Splitting the days in half doesn’t work well for everyone. In fact, there are relatively few countries that officially bifurcate the days into “a.m.” and “p.m.”. While places like the U.K., Republic of Ireland, India, the United States, and other former-British-Empire countries employ the split indication—it’s not incredibly common. This often begs the question, “why bother?” among critics. Well, as it turns out, there’s some real history behind it. The 12hr-split day is based on a rich tradition of astronomical fascination/tracking. With the beginnings of the 12hr-split day harkening back to ancient Mesopotamia, Egypt, and Greece, it’s a traditionally effective way to track time. Standing for “ante” (before) “meridiem” (mid-day) and “post” (after) “meridiem” (mid-day), a.m and p.m. represent a split between the highest points and lowest points the sun resides in as our planet turns.
Secondary Night Time Tracking
Ancient civilizations would use sundials to track the movement of the sun throughout the day. This helped with creating calendar systems, due to the relative length of days during different parts of the year. While tools like sundials (and eventually obelisks in Egypt) were effective during most days—they could not track the entire day. Night time redundancies were used alongside this timekeeping method as a result. Water clocks, older than sundials themselves, were employed in these ancient societies to keep things ticking. Easily measurable amounts of in-flow and out-flow water could track the time without solar aid. As it were, all one had to do was measure the height of water in a basin to establish a passage of time.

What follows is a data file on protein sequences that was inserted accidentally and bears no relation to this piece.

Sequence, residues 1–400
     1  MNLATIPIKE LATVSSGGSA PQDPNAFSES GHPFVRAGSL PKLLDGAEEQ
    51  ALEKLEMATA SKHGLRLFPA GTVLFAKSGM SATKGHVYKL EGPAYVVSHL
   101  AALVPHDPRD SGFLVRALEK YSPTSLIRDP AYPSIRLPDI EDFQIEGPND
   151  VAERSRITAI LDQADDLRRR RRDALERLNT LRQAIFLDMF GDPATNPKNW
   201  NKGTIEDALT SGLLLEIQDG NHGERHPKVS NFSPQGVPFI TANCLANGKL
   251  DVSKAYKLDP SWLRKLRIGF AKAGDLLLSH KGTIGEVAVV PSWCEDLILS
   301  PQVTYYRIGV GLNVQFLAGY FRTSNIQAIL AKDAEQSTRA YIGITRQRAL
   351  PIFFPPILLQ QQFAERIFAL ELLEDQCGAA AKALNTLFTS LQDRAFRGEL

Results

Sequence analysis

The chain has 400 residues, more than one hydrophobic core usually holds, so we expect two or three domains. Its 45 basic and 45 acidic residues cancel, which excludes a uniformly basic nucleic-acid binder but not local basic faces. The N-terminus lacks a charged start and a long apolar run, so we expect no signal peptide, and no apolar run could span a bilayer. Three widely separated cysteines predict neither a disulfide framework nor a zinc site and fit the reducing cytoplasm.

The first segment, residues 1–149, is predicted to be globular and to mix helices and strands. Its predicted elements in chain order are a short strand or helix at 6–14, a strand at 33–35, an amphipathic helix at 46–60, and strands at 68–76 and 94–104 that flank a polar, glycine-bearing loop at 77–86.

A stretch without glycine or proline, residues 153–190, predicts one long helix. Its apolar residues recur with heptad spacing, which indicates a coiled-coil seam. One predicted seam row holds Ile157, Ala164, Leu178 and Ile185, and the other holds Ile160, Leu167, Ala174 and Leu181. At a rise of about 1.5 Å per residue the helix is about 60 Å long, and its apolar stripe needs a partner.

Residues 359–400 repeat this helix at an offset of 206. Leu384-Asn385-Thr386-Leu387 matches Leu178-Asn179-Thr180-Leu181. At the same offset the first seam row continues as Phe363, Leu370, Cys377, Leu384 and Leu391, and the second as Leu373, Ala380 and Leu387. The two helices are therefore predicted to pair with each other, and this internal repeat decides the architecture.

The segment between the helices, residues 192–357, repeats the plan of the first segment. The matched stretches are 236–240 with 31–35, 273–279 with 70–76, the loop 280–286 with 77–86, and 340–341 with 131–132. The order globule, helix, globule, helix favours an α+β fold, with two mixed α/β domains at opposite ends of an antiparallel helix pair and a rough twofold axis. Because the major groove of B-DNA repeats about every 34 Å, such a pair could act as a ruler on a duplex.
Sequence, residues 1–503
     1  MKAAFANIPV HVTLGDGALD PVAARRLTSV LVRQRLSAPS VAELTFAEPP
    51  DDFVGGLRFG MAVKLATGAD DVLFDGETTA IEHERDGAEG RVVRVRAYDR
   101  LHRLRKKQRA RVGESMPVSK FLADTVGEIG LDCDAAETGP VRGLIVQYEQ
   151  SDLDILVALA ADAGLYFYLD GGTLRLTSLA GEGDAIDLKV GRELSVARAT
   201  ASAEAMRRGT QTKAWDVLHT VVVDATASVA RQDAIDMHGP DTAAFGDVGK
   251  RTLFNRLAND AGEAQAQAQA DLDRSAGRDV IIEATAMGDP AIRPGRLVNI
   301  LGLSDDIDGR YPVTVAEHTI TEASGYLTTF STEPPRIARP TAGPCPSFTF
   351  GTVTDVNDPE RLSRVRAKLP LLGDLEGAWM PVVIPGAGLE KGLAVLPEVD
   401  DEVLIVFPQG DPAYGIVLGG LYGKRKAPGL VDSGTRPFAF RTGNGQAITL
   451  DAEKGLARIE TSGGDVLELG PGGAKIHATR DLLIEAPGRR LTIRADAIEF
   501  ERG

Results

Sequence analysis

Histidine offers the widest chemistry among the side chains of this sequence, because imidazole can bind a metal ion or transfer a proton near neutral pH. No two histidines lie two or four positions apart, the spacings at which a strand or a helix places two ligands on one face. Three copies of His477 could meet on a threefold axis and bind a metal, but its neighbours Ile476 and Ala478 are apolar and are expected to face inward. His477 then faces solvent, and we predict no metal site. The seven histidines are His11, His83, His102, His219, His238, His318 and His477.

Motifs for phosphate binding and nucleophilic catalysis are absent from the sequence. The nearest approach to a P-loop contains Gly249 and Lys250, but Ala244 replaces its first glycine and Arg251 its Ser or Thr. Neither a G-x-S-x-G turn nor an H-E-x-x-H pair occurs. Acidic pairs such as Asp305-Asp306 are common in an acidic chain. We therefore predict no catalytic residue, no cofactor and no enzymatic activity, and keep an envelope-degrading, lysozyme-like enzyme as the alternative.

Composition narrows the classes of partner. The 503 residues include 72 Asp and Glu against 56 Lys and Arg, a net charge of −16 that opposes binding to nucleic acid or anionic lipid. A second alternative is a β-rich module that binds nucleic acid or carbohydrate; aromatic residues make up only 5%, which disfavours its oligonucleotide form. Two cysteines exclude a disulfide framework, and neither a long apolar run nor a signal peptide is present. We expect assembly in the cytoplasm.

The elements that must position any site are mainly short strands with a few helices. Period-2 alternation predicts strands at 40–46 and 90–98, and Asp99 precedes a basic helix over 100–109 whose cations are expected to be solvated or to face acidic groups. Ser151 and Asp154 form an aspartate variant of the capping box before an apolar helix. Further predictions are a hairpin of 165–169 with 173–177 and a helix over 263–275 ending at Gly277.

Thus, the graveyard shift was integral in keeping ante-meridiem and post-meridiem times aligned with the passage of the sun and moon across the sky. Eventually, however, mechanized timekeepers came into play. While the first mechanical clocks had 24hr dials (as well as early chronometers), 12hr clocks were found to be easier to engineer/build. From the 14th century onward clocks evolved from 24hr to 12hr time across Northern Europe. This method of timekeeping would remain locked-in to the anglophone (English-speaking world) and bleed into our current age.
A Final Thought
While there are multiple other influences that established 12hr time and its symbols across the globe, the above information is the thick of it. While 24hr time gives each hour of the day its own number—and is useful by its own merits—the 12hr-split drives home a simple pairing of night and day. Millenia have been spent perfecting this time system. So, whether you see Arabic or Roman numerals on the dial, a 12hr representation of time hopefully has some more context. We here at TimesTicking will continue to enjoy every hour of the day available to us—no matter how it crosses our door.
Times Ticking has been in operation for more than 30 years, since 1982. We have performed watch repair for customers both locally and internationally. If it Ticks! We KNOW it! Our team of watch repair technicians have a combined experience in watchmaking of over 120 years.